FIDM Costume Collection
Costumes from the late 19th century to present day
The Fashion Institute of Design & Merchandising's Museum Foundation was founded in 1978, to serve the college and the community. The 10,000 piece collection consists of significant clothing from the late 19th century to the present day, including theater and film costume, the comprehensive Rudi Gernreich Collection, the California Historical Society Collection and the Hollywood Costume Collection, the latter two on long-term loan.
Top California designers are represented, such as Gilbert Adrian, Travis Banton, Irene, Howard Greer, Helen Rose, James Galanos, Michael Novarese, Agnes Barrett, and Louella Ballerino.
The Los Angeles Gallery presents annually “The Art of Motion Picture Costume Design,” an exhibition of Academy Award nominee costumes. Museum displays are also mounted at the satellite FIDM campuses in San Francisco, Orange County, and San Diego. Travelling exhibits have been to Japan, Italy, and New Zealand, and examples from the collection can be seen by following the links below:
Rudi Gernreich is an innovative designer who, more than anyone else, successfully interpreted the mood of the '50s, '60s and '70s. Below is a short bio and some costumes contained in the museum's Gernreich collection.
Best known as the creator of the topless bathing suit, Rudi Gernreich was unique among fashion designers. A futurist and witty commentator on the climate of the times, he understood, better than most that how we dress is closely linked to the way we live.
Much of today’s fashion had its origins in the 60’s when fashion began to take its cue from the young rather than the establishment...when women were freed from clothes that constrained the body. It was a time when Gernreich shocked the fashion world by combining unusual colors such as hot pink with orange, purple with red and blue with green interspersed with dots and stripes. His work, always controversial yet original, would alter the course of fashion for generations to come.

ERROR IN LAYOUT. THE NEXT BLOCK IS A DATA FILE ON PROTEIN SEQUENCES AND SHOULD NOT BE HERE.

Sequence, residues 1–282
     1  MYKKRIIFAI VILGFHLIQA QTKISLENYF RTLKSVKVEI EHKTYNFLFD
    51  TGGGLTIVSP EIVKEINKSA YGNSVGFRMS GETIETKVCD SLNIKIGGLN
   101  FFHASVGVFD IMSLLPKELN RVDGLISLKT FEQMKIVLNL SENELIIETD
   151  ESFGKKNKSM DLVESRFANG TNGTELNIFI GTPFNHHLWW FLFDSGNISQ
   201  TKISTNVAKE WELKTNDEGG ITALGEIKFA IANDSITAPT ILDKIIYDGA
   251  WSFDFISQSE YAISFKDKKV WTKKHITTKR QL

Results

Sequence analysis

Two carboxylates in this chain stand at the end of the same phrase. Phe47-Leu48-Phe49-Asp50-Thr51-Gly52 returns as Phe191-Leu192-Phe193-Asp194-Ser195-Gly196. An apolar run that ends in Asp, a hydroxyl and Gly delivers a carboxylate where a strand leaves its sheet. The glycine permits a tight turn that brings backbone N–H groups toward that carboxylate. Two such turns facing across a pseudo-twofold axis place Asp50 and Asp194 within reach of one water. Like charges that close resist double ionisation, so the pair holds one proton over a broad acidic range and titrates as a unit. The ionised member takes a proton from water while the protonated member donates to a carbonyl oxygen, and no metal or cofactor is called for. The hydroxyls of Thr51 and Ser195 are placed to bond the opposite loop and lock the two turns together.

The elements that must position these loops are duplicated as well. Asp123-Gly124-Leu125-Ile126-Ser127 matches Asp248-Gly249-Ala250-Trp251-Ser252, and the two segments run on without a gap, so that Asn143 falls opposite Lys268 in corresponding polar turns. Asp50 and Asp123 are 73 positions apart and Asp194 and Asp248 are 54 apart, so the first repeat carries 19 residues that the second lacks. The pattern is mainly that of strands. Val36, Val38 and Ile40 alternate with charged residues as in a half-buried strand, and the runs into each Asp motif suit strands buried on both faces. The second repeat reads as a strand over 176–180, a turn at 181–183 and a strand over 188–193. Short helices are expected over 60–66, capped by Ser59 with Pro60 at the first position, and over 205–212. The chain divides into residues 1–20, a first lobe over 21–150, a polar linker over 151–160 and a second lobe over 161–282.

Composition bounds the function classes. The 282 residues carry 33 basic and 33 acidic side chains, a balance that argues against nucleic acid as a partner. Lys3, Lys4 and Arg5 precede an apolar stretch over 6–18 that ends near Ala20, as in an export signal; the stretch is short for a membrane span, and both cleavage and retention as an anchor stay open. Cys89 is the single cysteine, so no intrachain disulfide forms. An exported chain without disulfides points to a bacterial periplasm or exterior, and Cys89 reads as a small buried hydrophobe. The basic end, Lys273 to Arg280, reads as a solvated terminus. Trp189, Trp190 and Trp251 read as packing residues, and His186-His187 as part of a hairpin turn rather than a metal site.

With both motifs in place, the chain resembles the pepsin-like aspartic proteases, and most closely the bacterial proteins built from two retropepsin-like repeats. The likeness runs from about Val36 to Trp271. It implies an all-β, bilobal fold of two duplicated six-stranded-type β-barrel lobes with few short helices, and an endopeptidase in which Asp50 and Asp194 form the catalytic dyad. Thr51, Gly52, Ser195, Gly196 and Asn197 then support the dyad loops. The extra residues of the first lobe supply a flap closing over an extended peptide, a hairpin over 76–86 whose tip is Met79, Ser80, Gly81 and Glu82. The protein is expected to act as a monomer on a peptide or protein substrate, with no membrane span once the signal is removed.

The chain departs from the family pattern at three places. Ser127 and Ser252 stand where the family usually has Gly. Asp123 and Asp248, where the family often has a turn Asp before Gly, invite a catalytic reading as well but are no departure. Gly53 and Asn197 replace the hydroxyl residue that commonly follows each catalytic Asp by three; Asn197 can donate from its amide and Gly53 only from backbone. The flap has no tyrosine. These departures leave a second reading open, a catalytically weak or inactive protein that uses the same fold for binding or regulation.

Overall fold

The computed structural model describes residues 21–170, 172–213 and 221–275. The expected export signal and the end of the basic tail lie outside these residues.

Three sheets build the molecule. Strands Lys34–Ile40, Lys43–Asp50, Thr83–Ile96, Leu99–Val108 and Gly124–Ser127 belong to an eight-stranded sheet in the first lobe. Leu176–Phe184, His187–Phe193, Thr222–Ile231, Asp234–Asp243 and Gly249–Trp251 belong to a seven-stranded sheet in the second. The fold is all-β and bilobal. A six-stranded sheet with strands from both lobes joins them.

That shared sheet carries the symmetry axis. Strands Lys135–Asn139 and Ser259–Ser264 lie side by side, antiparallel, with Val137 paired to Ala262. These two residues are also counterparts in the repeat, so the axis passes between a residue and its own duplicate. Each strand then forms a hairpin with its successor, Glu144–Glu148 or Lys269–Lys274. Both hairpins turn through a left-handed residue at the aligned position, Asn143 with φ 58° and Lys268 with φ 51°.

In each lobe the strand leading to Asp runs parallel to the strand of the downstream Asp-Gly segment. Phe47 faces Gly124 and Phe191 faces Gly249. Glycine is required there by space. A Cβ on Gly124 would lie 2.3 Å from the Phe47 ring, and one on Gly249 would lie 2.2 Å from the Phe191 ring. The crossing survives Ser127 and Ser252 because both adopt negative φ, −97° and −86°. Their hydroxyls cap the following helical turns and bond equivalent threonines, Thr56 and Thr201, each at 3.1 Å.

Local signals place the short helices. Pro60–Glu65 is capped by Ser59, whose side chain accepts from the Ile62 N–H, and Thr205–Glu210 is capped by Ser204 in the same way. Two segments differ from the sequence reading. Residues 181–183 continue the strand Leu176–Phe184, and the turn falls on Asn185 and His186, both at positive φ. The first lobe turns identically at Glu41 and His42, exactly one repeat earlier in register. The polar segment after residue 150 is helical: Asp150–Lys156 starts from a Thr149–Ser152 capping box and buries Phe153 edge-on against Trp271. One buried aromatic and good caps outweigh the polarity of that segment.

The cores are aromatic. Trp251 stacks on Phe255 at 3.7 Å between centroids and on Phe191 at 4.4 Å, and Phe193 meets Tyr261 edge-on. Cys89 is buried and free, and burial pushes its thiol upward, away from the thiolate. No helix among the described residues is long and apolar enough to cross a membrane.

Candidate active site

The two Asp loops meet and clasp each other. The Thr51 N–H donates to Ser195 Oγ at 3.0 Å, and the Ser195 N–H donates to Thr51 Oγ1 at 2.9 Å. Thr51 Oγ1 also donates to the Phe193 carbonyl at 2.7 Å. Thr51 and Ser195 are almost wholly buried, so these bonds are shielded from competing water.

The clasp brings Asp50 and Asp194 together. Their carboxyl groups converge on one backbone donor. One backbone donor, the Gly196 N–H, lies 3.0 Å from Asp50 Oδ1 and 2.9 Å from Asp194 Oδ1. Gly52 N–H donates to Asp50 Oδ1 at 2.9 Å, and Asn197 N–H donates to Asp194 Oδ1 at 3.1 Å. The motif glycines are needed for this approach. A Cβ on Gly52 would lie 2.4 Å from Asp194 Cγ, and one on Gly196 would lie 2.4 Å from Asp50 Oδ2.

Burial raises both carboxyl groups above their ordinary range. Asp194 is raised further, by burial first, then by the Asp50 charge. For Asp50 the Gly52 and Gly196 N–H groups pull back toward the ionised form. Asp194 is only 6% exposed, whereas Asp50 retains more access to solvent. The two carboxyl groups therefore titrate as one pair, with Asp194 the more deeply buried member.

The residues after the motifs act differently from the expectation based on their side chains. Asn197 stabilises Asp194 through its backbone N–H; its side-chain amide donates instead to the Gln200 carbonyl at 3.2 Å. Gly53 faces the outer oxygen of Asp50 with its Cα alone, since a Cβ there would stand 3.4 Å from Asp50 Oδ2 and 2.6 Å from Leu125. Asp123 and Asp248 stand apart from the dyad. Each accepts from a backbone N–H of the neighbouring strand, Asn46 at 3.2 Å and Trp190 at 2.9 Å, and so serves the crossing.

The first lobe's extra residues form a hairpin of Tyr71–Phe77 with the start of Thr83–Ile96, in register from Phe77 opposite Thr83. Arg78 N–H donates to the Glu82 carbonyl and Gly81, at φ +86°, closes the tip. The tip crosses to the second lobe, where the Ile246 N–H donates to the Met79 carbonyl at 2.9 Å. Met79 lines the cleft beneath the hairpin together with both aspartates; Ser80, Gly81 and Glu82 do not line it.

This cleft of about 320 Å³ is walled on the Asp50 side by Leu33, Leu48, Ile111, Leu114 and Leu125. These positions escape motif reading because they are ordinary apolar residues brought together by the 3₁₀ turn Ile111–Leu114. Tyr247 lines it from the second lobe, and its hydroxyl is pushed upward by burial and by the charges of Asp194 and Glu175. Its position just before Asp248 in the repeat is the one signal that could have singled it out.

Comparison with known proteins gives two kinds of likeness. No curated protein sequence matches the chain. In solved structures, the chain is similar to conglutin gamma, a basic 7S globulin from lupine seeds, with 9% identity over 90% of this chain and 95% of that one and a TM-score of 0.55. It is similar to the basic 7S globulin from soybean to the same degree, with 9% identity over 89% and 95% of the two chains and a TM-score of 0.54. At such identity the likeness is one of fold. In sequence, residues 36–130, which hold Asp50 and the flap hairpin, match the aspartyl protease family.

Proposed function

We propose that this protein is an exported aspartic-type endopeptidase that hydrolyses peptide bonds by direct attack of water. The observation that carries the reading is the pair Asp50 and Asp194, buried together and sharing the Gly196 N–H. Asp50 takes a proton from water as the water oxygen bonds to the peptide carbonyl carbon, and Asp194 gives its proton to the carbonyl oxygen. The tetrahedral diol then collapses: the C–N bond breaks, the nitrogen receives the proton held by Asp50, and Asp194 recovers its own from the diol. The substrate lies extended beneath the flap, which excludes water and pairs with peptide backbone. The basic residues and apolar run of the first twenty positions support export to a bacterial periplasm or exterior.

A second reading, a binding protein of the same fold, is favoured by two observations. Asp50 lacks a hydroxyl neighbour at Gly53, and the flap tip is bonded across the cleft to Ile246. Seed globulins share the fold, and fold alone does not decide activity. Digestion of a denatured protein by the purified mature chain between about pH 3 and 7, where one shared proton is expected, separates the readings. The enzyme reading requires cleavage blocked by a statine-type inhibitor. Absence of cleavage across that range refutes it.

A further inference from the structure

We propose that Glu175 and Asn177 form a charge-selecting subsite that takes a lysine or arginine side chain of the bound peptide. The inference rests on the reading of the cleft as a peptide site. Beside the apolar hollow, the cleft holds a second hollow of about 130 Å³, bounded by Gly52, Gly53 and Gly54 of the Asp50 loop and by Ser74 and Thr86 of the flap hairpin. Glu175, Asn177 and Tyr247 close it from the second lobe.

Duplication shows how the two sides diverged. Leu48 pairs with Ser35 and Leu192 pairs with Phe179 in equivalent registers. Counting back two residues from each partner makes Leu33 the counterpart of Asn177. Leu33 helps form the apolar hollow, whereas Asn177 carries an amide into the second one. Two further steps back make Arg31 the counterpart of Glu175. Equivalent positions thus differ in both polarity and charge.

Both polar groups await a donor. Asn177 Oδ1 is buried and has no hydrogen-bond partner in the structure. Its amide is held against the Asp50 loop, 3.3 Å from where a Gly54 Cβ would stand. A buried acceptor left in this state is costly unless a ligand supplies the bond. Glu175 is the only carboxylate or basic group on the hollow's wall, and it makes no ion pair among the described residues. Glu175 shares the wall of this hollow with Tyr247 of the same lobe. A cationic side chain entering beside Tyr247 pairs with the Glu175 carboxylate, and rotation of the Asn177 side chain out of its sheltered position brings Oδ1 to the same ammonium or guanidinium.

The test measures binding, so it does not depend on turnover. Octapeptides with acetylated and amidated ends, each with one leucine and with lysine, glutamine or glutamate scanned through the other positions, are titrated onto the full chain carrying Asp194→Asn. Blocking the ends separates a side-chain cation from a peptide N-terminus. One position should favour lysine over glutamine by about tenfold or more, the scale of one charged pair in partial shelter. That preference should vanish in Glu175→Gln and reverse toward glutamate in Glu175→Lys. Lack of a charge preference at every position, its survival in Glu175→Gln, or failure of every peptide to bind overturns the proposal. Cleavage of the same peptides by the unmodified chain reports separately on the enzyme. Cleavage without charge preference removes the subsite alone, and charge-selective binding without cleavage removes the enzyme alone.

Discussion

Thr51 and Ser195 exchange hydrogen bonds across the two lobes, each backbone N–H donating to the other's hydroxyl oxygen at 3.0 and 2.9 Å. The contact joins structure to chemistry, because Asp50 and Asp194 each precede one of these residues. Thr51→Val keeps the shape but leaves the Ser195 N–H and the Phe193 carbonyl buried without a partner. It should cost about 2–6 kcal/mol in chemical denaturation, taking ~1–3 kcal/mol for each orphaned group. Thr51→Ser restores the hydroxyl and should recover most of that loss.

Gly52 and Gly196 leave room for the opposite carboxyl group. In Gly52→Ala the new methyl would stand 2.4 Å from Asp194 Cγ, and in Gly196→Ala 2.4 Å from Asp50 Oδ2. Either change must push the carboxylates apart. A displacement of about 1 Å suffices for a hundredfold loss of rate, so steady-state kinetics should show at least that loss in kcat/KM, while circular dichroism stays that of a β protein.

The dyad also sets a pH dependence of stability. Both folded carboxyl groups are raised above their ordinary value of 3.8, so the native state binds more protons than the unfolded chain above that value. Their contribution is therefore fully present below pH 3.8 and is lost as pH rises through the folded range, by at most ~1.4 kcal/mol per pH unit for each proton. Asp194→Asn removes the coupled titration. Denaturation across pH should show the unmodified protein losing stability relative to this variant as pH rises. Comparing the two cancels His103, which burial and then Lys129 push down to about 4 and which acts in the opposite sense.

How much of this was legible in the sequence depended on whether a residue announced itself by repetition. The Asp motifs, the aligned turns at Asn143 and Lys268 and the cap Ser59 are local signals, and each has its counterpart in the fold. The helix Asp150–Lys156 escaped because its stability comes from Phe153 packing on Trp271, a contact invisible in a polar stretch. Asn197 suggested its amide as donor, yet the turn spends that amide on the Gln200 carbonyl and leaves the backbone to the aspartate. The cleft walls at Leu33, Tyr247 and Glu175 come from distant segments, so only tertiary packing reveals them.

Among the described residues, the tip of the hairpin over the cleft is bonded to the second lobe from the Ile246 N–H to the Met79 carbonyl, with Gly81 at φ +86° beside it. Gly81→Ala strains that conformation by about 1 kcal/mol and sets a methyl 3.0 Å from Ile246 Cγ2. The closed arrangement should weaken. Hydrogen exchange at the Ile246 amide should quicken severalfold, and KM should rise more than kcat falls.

The rich and elegant 18th Century served as inspiration for The Cameo Collection. This group of costumes, designed by ten of the fashion industry’s most popular designers, demonstrates the influence the past has on today’s runways.
The collection was commissioned by Merle Norman Cosmetics to be displayed concurrent with the Metropolitan Museum of Art’s Eighteenth Century Woman Exhibit in 1981. They asked designers such as Bill Blass, Oscar de la Renta, Mary McFadden, Albert Nippon and others to create historically inspired pieces.
Throughout recorded history a woman’s social position has been determined by the way she dressed. Nowhere was this more evident than in 18th and 19th century Europe. To be considered socially acceptable, a lady was expected to be intelligent, appealing and, above all, suitable attired. Then, as now, French fashion set the tone for the rest of Europe.
Equally important was the place a young lady would have in society. This was largely determined by when she was seen and with whom. Nothing enhanced that standing more than an appearance at a court social function. These invitations were hard won and not only assured respectability, but conferred a social cachet coveted by every member of the ruling class. With these designs, each of the participating designers brought his or her own unique style to the task of interpreting 18th century fashion.
FIDM Museum's exhibition, From Clerical to Career..., provided a revealing glimpse into the working woman's wardrobe for the last six decades of the 20th Century.
World War II represented a turning point for women in the workplace. With the shortage of able-bodied men on the business homefront, women stepped into traditional male roles in industry. This shift in responsibility demanded a corresponding adjustment in female apparel.
In 1947 Christian Dior sent his "New Look" onto the runway and the working woman never looked back. Dior's dramatic influence in the world of haute couture over the next decade marked a new beginning in high fashion. This change established a distinct movement away from the look of utility wardrobes seen during the war years.
FIDM Museum's unique exhibit highlights the unprecedented changes in the American woman's lifestyle as she traded her traditional role as homemaker for a job at the factory office. This transformation began in the 40's and continues with her integration into the permanent workforce.
Fashion reflected these new values and lifestyles which included careers, as opposed to jobs. Women's executive dress borrowed elements from the suits of male colleagues exemplified by the "power dressing" yuppies of the 80's.
The 90's began with a relaxation in all areas of fashion. Tailored "9 to 5" clothing still remains a favorite, even though "every woman's dress", "Friday clothes" and "week-end work-wear" became wardrobe staples for all women.
The role of women in the workplace continues to evolve as more and more women are in the position of primary breadwinner. FIDM Museum's collection highlights a woman's transition From Clerical to Career as reflected through her wardrobe choices.